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Learning to Love Form 1040

Two Cheers for the Return-Based Mass Income Tax

No one likes paying taxes, much less the process of filing tax returns. For years, would-be reformers have advocated replacing the return-based mass income tax with a flat tax, federal sales tax, or some combination thereof. Congress itself has commissioned studies on the feasibility of a system of exact withholding. But might the much-maligned return-based taxation method serve an important yet overlooked civic purpose?

In Learning to Love Form 1040, Lawrence Zelenak argues that filing taxes can strengthen fiscal citizenship by prompting taxpayers to reflect on the contract they have with their government and the value—or perceived lack of value—they receive in exchange for their money. Zelenak traces the mass income tax to its origins as a means for raising revenue during World War II. Even then, debates raged over the merits of consumption-based versus income taxation, as well as whether taxes should be withheld from payroll or paid at the time of filing. The result is the income tax system we have today—a system whose maddening complexity, intended to accommodate citizens in widely different circumstances, threatens to outweigh any civic benefits.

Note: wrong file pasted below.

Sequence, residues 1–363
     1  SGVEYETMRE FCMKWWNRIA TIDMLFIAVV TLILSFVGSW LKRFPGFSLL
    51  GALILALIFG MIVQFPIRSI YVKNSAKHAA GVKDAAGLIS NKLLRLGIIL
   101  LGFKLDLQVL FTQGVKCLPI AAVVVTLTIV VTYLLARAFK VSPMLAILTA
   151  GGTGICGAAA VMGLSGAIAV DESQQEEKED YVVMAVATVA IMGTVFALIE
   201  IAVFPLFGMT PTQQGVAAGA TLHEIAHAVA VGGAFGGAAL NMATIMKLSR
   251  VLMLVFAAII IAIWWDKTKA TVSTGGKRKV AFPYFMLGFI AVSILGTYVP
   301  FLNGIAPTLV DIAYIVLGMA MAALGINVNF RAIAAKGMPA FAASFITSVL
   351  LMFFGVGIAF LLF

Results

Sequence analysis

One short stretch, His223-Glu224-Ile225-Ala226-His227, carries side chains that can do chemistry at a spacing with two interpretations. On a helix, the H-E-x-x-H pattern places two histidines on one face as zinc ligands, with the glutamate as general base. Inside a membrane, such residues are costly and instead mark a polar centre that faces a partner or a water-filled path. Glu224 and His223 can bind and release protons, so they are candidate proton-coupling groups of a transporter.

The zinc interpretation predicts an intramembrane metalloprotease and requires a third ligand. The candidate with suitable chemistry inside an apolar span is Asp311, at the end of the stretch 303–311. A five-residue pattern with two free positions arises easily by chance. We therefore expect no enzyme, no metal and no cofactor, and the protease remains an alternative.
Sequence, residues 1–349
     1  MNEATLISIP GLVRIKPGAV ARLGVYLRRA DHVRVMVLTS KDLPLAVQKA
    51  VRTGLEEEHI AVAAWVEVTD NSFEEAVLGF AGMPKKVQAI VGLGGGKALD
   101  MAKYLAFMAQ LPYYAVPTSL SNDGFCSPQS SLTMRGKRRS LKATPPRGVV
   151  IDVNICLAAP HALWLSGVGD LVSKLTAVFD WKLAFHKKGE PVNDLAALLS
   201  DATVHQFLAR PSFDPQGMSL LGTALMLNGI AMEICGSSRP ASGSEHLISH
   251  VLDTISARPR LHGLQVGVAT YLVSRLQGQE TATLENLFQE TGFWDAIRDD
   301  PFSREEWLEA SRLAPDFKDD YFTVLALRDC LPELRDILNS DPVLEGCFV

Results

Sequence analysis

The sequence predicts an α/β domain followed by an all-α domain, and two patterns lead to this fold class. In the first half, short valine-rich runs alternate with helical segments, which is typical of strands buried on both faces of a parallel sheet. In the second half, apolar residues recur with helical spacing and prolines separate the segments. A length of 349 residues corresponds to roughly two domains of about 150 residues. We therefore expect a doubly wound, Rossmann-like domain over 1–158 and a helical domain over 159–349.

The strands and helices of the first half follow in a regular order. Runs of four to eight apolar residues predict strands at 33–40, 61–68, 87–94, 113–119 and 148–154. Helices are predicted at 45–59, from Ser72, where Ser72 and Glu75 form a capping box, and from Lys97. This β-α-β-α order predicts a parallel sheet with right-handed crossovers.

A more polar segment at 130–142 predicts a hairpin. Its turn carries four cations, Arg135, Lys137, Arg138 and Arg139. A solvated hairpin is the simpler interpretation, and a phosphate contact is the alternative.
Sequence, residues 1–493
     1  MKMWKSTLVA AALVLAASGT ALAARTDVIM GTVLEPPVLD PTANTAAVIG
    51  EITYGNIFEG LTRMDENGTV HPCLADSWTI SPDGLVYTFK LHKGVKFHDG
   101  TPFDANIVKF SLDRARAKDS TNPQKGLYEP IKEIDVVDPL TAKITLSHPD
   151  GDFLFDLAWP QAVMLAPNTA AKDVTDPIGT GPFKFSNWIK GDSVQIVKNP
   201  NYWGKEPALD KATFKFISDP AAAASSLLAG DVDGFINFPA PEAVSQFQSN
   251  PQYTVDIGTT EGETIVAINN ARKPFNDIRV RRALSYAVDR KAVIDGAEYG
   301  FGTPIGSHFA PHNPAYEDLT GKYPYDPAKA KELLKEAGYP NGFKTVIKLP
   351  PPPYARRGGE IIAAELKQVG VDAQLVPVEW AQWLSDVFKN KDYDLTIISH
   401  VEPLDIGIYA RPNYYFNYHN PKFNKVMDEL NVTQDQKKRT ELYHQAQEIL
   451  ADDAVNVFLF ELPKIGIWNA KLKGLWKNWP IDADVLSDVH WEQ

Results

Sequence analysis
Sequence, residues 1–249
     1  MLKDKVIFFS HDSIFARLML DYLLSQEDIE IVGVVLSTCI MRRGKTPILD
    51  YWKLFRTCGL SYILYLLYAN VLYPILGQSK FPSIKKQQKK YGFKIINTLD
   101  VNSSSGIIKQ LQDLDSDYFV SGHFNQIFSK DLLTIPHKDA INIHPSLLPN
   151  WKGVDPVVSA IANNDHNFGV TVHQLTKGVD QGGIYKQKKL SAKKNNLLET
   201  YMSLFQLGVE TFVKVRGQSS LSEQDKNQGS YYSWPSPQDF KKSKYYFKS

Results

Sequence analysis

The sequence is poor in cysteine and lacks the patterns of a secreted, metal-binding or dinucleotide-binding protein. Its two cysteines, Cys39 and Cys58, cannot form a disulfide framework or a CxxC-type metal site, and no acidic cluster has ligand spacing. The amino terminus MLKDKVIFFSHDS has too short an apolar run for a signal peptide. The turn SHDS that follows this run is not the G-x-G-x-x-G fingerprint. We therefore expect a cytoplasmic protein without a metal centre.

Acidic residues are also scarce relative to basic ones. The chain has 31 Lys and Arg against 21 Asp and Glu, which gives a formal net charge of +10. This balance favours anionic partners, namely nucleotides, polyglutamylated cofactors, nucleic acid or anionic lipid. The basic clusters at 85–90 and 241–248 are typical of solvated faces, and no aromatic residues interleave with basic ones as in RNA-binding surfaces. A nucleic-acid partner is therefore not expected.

If sitcoms and political cartoons are any indication, public understanding of the income tax is badly in need of a corrective. Zelenak clears up some of the most common misconceptions and closes with suggestions for how the current system could be substantially simplified to better serve its civic purpose.

168 pages | 5 halftones | 6 x 9 | © 2013

Economics and Business: Economics--Government Finance

Law and Legal Studies: Law and Economics


“Beyond a mere ode to the current tax system, Lawrence Zelenak’s book also suggests legal reforms to reinforce the salutary effects of taxation, as well as changes that would make returns more effective as an educational device. No one, to my knowledge, has examined this argument from as many perspectives nor in such depth. Learning to Love Form 1040 will be welcomed by anyone seeking to understand the stakes in the current tax policy debate—and one hopes that members of congress will be in that audience.”

Julie Roin, University of Chicago Law School

Learning to Love Form 1040 is a stirring and highly persuasive defense of our federal tax system. . . . Zelenak takes on the task of defending a simplified version of our present tax system—no easy endeavor given the overwhelming and widespread animus toward our current income tax regime. Zelenak is up to the challenge. . . . The book convincingly reveals the underappreciated social, cultural, and political benefits of a return-based mass income tax.”

Michigan Law Review

Table of Contents

1. Tax Returns and Fiscal Citizenship
2. What’s So Special about a Return-Based Mass Tax?
3. Tax Protests, Tax Resistance, and Tax Cheating
4. Tax Expenditures and Fiscal Citizenship
5. The World War II Origins of the Return-Based Mass Income Tax
6. The Return-Based Mass Income Tax in Popular Culture
7. Simplify, Simplify


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